Wednesday, May 12, 2004

Video: Death Race 2000 (1975)

David Carradine’s career resurgence prompted me to take another look at this movie. It’s a highlight not just for Carradine, but for producer Roger Corman and director Paul Bartel. (I miss Bartel. Back in high school, when everyone else was inserting toothpicks into the backs of their cable boxes so they could watch PORKY’S for free, I was obsessed with EATING RAOUL. There’s nothing sadder than sitting in the cafeteria reeling off lines from a movie that nobody else has seen. Unless it’s writing a blog that nobody is reading.)

Many people are familiar with the movie’s premise. In a dystopian future, the national sport is a cross-country race where points are scored by killing pedestrians. (People 75 and older are worth the most.) But that’s only a hint of how truly unhinged this film is. The United States is led by a President-for-life currently governing from his summer palace in China. Much of the movie is structured around the nonstop TV coverage of the race, which plays like a demented combination of professional wrestling, SURVIVOR, and ESPN’s remotes from the NFL draft.

It’s all served up with typical Corman verve; the damn thing’s only 78 minutes long. Here the cheap vitality adds to the flow of ideas. This is the movie that A CLOCKWORK ORANGE thinks it is, in only half the time and with better jokes. And it hasn’t dated at all. If anything, it seems even more relevant. Everything that goes wrong in the race is blamed on the French, for God’s sake.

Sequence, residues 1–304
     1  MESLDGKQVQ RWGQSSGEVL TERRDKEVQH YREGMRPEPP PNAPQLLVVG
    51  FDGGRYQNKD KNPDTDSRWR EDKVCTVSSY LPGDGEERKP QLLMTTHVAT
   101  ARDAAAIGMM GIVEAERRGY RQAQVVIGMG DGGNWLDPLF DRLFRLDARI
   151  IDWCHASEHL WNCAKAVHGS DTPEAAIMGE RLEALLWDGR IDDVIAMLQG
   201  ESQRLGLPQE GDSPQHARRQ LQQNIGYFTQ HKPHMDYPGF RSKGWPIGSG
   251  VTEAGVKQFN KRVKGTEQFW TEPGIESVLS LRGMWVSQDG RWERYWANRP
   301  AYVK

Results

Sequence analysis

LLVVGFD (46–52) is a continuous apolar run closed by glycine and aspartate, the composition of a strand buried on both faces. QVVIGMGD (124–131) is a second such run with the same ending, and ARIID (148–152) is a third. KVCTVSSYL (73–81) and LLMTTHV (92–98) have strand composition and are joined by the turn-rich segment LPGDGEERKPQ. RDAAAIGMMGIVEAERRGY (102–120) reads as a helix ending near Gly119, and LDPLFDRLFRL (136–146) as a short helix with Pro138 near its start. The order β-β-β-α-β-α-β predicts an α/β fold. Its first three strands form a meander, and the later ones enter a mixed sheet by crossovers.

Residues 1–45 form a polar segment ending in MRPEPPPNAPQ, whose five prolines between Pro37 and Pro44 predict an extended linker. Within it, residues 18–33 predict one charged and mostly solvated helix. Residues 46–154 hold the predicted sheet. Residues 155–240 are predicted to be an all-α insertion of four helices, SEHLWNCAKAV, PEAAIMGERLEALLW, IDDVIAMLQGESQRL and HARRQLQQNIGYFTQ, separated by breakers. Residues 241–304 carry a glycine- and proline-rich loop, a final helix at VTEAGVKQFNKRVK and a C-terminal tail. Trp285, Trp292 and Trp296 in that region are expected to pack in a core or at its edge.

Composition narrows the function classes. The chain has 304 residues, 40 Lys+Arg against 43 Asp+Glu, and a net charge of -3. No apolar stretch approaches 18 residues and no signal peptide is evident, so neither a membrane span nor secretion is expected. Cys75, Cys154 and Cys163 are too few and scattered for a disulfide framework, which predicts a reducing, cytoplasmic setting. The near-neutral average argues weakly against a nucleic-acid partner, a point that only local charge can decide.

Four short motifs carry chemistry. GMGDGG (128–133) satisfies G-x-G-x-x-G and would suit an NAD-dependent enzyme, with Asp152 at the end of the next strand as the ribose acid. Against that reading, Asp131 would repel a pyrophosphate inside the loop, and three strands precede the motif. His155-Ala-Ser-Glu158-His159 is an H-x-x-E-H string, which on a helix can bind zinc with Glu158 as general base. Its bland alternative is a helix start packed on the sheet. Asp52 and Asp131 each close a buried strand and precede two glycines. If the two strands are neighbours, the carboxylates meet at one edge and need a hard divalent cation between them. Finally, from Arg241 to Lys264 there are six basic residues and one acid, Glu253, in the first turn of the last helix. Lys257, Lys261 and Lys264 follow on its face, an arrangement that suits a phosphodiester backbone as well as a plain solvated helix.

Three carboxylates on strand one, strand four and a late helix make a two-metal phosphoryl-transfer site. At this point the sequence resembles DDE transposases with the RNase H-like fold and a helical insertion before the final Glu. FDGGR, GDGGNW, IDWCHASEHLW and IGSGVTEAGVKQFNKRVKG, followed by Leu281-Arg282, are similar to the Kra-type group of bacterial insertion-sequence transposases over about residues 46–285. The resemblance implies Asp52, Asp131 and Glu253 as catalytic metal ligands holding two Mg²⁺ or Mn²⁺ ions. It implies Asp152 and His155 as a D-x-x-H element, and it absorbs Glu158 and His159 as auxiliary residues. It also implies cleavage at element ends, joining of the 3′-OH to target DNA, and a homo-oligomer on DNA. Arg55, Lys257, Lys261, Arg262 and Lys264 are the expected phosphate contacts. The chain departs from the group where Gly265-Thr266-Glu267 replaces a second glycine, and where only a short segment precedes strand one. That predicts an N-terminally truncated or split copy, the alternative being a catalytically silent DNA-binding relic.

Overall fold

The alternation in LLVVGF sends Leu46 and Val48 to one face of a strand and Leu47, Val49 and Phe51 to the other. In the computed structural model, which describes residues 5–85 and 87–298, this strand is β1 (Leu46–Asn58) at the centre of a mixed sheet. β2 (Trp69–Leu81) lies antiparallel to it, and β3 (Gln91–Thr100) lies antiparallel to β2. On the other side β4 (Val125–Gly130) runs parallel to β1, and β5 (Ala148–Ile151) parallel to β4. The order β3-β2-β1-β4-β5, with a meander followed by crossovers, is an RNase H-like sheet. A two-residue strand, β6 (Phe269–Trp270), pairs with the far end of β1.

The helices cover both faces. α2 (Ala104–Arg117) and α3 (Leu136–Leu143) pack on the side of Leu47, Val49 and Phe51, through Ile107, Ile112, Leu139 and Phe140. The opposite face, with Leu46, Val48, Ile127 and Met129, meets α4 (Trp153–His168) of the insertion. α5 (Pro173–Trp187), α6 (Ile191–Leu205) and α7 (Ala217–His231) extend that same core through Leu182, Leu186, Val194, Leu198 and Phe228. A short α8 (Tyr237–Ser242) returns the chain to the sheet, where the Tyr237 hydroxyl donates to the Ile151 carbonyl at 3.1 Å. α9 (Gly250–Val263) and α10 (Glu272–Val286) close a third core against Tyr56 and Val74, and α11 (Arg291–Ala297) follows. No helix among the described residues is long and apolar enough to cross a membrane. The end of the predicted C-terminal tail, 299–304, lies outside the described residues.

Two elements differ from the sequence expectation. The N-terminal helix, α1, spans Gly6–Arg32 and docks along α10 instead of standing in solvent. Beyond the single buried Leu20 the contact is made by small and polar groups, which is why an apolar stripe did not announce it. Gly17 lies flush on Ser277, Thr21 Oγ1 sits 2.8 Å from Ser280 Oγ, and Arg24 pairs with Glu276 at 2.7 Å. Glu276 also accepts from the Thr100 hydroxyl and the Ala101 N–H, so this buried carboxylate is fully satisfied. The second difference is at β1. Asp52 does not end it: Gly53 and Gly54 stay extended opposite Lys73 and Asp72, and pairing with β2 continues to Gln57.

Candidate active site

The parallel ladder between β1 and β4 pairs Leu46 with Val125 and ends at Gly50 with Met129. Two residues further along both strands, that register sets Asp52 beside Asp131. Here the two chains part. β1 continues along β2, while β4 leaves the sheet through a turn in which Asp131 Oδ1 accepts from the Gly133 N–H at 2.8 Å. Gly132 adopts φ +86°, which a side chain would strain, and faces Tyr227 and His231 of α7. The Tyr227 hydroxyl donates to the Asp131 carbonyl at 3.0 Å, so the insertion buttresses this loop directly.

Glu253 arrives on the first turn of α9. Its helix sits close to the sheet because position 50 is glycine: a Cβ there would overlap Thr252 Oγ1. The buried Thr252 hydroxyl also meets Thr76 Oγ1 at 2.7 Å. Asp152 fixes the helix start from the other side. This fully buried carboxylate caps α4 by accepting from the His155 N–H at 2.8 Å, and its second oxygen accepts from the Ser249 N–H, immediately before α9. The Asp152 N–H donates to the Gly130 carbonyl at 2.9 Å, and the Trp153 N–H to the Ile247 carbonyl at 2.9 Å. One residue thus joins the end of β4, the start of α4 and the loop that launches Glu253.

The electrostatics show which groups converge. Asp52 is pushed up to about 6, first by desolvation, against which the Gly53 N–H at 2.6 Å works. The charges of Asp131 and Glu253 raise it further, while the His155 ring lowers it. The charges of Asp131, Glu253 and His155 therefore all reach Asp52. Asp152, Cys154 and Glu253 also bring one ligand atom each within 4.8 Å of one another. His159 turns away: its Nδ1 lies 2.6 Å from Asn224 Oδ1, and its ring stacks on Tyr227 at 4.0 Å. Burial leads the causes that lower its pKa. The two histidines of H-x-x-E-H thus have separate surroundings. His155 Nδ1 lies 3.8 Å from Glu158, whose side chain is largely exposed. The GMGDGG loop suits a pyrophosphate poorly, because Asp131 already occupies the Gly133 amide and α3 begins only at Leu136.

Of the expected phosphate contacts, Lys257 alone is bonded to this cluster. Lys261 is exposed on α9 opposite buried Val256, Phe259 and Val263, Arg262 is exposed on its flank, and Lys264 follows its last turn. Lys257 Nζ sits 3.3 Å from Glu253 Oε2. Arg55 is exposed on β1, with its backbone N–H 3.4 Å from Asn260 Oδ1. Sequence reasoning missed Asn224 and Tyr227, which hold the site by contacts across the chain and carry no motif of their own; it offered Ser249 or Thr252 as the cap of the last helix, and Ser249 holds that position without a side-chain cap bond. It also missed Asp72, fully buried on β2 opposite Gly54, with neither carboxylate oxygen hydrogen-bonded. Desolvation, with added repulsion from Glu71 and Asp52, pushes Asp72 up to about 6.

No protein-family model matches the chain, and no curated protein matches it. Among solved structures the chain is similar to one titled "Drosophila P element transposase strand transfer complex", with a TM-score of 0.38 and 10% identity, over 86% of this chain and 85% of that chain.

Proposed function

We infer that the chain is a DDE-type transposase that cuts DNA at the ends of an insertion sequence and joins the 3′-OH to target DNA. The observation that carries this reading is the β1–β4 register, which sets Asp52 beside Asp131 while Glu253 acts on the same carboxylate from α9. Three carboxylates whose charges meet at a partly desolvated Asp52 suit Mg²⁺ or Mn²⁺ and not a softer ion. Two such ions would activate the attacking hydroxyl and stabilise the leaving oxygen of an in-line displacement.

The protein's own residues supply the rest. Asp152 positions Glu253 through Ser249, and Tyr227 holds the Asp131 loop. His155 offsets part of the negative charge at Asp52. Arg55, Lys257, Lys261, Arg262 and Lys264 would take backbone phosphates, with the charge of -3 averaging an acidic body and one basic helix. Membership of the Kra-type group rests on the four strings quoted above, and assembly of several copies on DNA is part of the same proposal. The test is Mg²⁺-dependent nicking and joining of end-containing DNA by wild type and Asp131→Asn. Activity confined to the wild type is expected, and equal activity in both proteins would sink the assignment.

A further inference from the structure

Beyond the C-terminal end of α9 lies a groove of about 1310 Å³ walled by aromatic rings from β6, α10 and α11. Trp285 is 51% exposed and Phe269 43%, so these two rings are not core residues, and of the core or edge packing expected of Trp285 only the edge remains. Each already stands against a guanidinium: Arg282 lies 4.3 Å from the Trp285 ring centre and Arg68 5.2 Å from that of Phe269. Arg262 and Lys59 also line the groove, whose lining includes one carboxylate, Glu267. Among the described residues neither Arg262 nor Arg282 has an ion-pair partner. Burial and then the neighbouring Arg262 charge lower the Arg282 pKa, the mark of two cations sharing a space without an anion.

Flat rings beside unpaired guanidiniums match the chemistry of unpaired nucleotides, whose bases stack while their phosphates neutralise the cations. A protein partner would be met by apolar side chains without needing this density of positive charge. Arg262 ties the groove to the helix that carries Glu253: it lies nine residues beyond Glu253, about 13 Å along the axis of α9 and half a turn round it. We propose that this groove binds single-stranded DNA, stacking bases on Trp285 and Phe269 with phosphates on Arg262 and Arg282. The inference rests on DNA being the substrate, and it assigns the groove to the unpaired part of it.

A big-budget remake is in the works, but I’m certain it will have none of the original’s gonzo energy. The focus will be on the cars and the outsized characters. And it will be at least half an hour too long.

One other observation: whatever happened to casual nudity in the movies? It just made everything ... better.

TV: Turner Classic Movies

The network devoted an entire afternoon to movies beginning with MURDER. As in IN A PRIVATE CAR (1934), BY AN ARISTOCRAT (1936), and so on. I managed to catch MURDER ON A HONEYMOON, a Hildegarde Withers mystery from 1935. Co-written by the great humorist Robert Benchley and filmed on location in Catalina. Can a TV network be declared a national resource?

Music: Separate Ways (Worlds Apart)

Every time I go to the gym I’m assailed by the limp electronica remake, so I bought the Journey original from iTunes. Let me state this in no uncertain terms. I love this song. Unironically and unreservedly.